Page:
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Student acquitted in 9/11 perjury case

A second jury found a San Diego college student linked to two of the Sept. 11 hijackers not guilty on all counts of perjury Friday, ending a legal battle that began just 10 days after the attacks.

Asecond jury has found a San Diego college student linked to two of the Sept. 11 hijackers not guilty on all counts of perjury, ending a legal battle that began just 10 days after the attacks.

Osama Awadallah, 26, broke out in a broad smile as the verdict was read Friday in Manhattan federal court, then turned and beamed at his father crying in the audience. Jurorshad begundeliberating Thursday.

"I knew that justice would prevail," he said to reporters. "My goal will be to continue to be a very good citizen in this country."

Awadallah would have been convicted last spring had a lone juror not held out for acquittal, forcing a mistrial.

The 21-year-old college student showed up on investigators' radar just days after the 9/11 attacks. His first name and a phone number were found on a scrap of paper in a car parked at Dulles Airport near Washington, a car that had been driven there by Nawaf al Hazmi, one of the 19 hijackers.

The phone number was traced to Awadallah's residence in San Diego, a city in which al Hazmi and fellow hijacker Khalid al Mihdhar lived for several months beginning in early 2000.

Pair helped hijack jet

Al Hazmi and al Mihdhar helped hijack American Airlines 77, which crashed into the Pentagon.

Awadallah, a Venezuela-born Jordanian citizen, has lived in the U.S. since 1999. His father is a U.S. citizen.

Hetold investigators he worked at the same gas station and prayed at the same mosque as Hazmi, but repeatedly denied knowing al Mihdhar, even when shown photos of him.

Awadallah was detained as a material witness on Sept. 21.

At a grand jury hearing that October, he was confronted with a school examination booklet in which he appeared to have written about meeting men named Nawaf and Khalid. Awadallah initially claimed it was not his handwriting, but later changed his testimony.

While prosecutors concluded Awadallah was just an acquaintance with no knowledge of the attack, they said the contradictory statements about al Mihdhar had hampered the grand jury investigation, leading to charges of perjury.

His attorneys argued that their client, exhausted, confused and frightened after being detained for weeks in solitary confinement, simply had a memory lapse.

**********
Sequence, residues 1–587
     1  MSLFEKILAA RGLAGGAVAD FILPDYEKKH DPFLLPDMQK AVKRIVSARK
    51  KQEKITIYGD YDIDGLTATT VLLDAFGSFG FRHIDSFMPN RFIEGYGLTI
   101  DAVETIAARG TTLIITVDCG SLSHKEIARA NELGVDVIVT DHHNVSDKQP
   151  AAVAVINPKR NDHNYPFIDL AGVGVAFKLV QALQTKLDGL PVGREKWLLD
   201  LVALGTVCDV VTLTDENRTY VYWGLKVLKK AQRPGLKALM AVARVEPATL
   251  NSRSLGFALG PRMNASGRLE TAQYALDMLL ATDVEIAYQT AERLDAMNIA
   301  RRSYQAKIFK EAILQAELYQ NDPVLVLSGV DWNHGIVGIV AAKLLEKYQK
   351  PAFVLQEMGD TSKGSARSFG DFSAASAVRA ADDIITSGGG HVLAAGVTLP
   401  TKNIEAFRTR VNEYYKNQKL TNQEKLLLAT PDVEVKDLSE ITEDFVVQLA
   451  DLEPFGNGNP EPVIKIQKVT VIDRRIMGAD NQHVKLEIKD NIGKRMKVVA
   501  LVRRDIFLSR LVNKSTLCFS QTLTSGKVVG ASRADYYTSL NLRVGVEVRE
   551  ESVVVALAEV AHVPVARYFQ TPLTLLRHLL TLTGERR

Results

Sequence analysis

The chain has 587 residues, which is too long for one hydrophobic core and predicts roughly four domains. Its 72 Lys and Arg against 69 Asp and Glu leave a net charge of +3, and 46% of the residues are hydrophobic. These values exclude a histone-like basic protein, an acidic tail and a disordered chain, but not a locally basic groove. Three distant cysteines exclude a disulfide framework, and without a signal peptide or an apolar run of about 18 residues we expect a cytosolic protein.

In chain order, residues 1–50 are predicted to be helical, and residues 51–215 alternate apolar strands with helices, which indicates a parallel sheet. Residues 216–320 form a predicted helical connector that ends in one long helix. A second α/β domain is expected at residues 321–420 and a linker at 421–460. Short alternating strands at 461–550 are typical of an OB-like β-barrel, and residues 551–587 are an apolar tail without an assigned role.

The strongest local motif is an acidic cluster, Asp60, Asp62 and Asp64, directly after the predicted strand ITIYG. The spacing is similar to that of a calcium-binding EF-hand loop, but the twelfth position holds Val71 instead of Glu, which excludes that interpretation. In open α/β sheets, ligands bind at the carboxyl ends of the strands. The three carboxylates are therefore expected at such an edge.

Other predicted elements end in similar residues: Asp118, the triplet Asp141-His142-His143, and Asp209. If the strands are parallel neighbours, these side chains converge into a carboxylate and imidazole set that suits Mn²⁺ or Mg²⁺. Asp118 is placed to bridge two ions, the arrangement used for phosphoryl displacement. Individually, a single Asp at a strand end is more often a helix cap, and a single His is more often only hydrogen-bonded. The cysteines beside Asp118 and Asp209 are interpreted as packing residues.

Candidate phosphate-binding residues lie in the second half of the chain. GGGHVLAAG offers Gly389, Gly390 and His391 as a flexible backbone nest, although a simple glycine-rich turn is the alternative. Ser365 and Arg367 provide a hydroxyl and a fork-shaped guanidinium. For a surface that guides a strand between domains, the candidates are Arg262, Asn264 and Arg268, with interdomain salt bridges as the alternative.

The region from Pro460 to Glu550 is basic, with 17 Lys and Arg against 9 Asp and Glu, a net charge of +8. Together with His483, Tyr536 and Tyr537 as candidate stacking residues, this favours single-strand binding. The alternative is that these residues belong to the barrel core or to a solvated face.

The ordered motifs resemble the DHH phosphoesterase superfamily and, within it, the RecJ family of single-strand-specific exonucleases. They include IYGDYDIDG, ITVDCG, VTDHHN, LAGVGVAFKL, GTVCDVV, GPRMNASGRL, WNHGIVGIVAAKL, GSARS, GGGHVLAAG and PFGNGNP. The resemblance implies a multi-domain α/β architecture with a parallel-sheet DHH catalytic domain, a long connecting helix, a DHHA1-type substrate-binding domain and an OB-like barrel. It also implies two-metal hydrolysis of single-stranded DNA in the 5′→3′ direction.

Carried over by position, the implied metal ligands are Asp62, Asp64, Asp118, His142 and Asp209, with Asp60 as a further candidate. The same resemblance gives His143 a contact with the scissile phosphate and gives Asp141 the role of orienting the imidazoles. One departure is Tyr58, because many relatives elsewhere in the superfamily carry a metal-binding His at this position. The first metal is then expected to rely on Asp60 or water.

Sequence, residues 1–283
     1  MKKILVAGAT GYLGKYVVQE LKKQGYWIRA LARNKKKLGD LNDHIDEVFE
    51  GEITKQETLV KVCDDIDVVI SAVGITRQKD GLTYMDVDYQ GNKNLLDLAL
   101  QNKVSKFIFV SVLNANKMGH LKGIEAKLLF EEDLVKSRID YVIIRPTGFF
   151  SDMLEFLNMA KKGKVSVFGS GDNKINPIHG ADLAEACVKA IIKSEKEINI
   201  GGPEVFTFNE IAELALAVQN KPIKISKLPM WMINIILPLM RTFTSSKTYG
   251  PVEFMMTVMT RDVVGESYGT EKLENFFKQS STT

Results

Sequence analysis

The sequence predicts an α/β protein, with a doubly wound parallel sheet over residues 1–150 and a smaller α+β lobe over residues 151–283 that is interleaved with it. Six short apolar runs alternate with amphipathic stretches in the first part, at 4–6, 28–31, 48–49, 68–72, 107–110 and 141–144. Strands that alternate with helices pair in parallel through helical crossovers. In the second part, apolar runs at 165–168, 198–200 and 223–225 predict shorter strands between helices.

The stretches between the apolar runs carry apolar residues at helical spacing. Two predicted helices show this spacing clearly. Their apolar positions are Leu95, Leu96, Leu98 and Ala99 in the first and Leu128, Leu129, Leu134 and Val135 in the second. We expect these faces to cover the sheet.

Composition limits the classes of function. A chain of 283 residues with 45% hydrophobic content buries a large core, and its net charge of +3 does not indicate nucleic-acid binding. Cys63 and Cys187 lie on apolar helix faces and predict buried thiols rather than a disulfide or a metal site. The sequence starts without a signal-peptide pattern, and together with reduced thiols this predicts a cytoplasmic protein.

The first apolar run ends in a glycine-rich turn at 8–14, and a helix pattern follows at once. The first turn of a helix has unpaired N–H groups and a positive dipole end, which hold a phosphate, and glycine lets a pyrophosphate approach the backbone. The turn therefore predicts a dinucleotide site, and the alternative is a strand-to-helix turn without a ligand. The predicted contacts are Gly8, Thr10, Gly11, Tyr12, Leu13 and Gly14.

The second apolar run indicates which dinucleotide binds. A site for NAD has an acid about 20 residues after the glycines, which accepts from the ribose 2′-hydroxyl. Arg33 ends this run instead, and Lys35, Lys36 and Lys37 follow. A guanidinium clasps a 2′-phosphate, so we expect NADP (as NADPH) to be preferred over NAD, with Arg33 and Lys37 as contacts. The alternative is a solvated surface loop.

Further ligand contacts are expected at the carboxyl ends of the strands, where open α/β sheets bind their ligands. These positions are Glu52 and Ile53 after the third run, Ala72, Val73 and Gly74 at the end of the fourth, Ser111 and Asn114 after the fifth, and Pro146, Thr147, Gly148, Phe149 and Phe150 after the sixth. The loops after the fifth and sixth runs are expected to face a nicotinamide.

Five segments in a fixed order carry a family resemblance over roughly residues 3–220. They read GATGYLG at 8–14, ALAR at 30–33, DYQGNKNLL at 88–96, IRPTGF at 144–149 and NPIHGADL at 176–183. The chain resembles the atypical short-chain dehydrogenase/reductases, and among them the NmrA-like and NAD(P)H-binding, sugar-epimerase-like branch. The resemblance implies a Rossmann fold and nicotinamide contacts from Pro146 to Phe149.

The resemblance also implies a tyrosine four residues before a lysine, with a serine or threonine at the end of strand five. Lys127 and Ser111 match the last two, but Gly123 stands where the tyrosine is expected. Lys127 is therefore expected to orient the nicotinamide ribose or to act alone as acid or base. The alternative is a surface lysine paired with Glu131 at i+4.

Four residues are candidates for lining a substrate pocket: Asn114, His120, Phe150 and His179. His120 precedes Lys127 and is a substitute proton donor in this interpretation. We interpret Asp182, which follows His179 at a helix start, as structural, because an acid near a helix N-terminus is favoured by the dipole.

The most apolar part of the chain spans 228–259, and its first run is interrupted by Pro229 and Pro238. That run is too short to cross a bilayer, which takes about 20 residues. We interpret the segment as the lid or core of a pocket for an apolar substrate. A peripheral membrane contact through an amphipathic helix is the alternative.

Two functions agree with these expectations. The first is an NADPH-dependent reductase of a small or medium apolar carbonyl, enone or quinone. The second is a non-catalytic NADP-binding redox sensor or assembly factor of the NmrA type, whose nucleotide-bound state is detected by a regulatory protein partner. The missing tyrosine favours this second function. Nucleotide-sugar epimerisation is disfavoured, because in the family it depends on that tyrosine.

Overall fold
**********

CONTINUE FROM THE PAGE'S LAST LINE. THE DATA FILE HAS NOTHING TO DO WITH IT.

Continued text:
Perjury indictment tossed

In early 2002, a federal judge threw out a perjury indictment against him, citing errors made when investigators applied for an arrest warrant.

The judge also ruled that Awadallah had been the victim of coercion by investigators and threw out evidence seized after he was taken into custody,including videotapes and a picture of Osama bin Laden.

The case was later reinstated by an appeals court.

Some of the jurors said Friday after the verdict they were appalled at the way Awadallah had been treated by the government, and believed the statements he made during his grand jury session were prompted by fear and confusion.

"The treatment he received as a witness, a material witness, was really unconscionable, and it had to affect his testimony," said juror Nancy Sosnow, 64, of the Bronx.

Federal prosecutors declined to comment.

Intense scrutiny

The movements of al Hazmi and al Mihdhar in the two years leading up 9/11 have been the subject of intense scrutiny and examination of the lack of information sharing within the U.S. intelligence community.

The two Saudis rented a room in the San Diego home of a longtime FBI informant, and also befriendedOmar al-Bayoumi, a Saudi who had drawn FBI scrutiny in the past.

The FBI were not made aware by the CIA that al Hazmi and al Mihdhar were in the U.S. until mid-2001, but a report later found the investigation of al Mihdhar had been ''given to a single, inexperienced agent.''

Awadallah said after the verdict Friday that he had no plans to leave San Diego and the U.S.

"There's no better place to be," he said, smiling.

With files from the Associated Press

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